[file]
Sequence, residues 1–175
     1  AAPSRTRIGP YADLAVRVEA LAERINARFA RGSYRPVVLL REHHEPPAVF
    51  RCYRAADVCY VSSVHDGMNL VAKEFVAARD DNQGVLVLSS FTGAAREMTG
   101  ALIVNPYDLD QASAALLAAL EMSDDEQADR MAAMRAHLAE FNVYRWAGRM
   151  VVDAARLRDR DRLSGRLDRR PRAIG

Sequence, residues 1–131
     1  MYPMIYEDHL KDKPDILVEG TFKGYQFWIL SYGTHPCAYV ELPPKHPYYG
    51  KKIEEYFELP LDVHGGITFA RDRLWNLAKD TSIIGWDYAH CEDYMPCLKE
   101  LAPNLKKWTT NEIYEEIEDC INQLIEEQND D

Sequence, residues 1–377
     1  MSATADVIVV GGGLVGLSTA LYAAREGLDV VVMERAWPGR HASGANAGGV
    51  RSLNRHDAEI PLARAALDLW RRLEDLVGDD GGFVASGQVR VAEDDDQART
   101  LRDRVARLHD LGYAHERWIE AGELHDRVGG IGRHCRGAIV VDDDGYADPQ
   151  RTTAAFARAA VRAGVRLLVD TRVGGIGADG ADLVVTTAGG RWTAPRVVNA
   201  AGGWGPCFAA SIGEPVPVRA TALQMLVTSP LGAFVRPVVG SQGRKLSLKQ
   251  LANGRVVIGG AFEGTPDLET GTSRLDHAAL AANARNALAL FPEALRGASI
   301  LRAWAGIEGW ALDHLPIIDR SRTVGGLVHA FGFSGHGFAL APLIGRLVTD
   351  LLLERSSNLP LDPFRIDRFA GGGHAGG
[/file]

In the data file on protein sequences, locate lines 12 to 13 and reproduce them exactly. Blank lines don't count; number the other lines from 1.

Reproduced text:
    51  RSLNRHDAEI PLARAALDLW RRLEDLVGDD GGFVASGQVR VAEDDDQART
   101  LRDRVARLHD LGYAHERWIE AGELHDRVGG IGRHCRGAIV VDDDGYADPQ